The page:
Take a player’s high water mark on the season, then calculate his performance from that point on. It’s a really fun way to see some of the worst work they are capable of putting together. Nothing tempers your excitement for average hitter like uncovering the 40-game stretch where he clocked in with a .600 OPS.
That said, Adam Dunn has put together quite a stretch since hitting the tremendous height of an .826 OPS on Aug 17.
21 games, 84 plate appearances, 8 for 78 with 38 strikeouts, six walks, three home runs. .103/.167/.218, 45% K-rate.
Historically, a little stretch of Adam Dunn whiffing like a madman isn’t something to get in a tizzy about. He’s still clocking a home run per week over this selection despite being otherwise decrepit at the plate.
But the White Sox haven’t dealt with historical Adam Dunn. Rather than hit the ground running in Chicago, he hit the ground and played dead for a season, and has done little since to prove himself worthy of the death grip on the designated hitter slot he’s had for the better part of three years. He doesn’t get the benefit of the doubt. The slumps are treated as standard procedure and the hot streaks are the blips.
There have been inspiring outbursts in these years, but they have been quickly realized to be fool’s gold. Dunn hit 23 home runs in the first 65 games of 2012 for a .953 OPS, but his success was predicated on a huge jump in his isolated power. He was squeezing a .580 slugging percentage out of a .230 batting average, which was absurd even for the mighty Dunn, and was unlikely to suddenly become a new reality at age 32. Sure enough, it wasn’t, and he slugged .387 for the rest of the season.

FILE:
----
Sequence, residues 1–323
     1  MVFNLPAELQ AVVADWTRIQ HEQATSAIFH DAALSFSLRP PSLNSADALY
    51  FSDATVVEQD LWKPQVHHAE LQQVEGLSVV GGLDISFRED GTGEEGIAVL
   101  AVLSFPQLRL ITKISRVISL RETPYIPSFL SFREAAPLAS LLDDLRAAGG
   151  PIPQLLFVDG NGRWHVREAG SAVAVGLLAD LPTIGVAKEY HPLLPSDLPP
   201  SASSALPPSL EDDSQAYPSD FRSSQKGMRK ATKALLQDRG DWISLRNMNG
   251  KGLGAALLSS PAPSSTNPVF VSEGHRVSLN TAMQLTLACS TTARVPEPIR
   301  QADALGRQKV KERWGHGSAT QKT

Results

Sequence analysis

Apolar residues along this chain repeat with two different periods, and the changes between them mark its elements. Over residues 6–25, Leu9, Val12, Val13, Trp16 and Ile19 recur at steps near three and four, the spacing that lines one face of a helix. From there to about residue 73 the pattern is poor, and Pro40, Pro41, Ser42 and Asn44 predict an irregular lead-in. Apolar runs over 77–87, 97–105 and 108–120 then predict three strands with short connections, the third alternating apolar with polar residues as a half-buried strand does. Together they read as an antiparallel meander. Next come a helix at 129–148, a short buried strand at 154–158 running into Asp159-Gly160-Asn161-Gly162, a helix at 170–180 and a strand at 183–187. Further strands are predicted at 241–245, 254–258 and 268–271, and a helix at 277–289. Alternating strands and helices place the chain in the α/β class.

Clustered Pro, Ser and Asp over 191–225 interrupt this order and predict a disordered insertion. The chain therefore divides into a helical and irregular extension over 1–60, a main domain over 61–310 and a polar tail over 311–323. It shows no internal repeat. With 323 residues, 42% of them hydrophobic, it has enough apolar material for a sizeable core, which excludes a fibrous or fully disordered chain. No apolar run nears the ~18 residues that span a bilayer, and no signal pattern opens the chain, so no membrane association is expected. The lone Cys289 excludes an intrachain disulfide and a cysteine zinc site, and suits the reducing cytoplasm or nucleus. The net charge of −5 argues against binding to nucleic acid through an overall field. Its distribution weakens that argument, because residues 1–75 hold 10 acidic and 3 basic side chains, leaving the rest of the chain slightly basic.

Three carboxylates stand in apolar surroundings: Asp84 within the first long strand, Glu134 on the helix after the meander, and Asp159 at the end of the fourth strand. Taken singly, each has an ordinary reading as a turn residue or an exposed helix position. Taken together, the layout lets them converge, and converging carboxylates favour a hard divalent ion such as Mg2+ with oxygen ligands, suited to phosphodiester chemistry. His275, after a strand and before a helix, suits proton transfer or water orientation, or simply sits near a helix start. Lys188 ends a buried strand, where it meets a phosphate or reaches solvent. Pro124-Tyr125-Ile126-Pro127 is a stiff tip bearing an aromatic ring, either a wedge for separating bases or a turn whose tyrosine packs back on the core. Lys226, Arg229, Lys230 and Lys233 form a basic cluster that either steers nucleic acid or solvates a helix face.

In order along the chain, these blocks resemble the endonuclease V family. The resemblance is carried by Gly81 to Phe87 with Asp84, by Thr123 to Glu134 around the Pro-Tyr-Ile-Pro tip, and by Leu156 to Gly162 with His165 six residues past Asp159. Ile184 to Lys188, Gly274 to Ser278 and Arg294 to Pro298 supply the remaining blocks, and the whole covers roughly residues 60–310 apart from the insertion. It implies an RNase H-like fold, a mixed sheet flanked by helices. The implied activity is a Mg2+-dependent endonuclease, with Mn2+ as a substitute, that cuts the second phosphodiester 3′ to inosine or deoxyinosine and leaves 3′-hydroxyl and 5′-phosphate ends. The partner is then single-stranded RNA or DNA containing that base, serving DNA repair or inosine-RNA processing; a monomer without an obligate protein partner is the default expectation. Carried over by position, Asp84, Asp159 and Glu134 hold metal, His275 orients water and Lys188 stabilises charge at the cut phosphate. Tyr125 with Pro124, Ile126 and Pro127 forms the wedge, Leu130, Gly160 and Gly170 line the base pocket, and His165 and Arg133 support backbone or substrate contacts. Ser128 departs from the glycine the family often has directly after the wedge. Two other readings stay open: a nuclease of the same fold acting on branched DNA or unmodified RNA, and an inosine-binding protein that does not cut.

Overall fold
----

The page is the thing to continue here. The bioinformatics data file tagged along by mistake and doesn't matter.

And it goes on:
The reasons for trusting 2012’s hot start seem flimsy in retrospect. He had been dead, so there was excitement to jump on any notion that he was back. But this year’s mid-summer heat wave (.287/.391/.547 over 82 games from May 15-Aug 17) had some harder reporting behind it. CSN Chicago’s Dan Hayes got Dunn talking about his efforts to use the whole field, got Jeff Manto to back it up, then backed that up with spray charts, then backed that up with the observation that the league had stopped shifting on him and gobbling up the few line drives Dunn was spraying on the diamond.
It was all very much on the up-and-up. And then he was only striking out 25.6% of the time too, which was an extra-fun correlation to add to the good news.
Now, not only is Dunn catching up on whiffs in a huge way, but this is happening.
This is defensive alignment Dunn grounded out into Tuesday night. The spray chart over this awful stretch doesn’t suggest that Dunn has completely reverted, but with the level of success he’s having, he’s not forcing teams to re-think him or die of papercuts, and the Tigers are managed by someone who can be a bit stubborn.
Hayes was getting some blowback on Twitter for his piece, as if the work he had done asking Dunn about his approach then verifying it with data had been proven wrong somehow. That’s discouraging for a number of reasons, but it also marks a refutation to an assertion that any story about adjustments or progress or a hot stretch isn’t really making. There’s not a magic fix waiting to be found for most ballplayers. Matt Thornton‘s one side session with Don Cooper is mythologized for a reason: because it doesn’t happen and it shouldn’t be expected
Even though the adjustments Dunn makes are real and significant and worth tracking, they are occurring out of necessity and there is always going to be a limit to how much he can outrun the very clear declines in skill. From the way things look now, it doesn’t seem like he’ll be able to outrun it very far at all.
Follow James Fegan on Twitter @JRFegan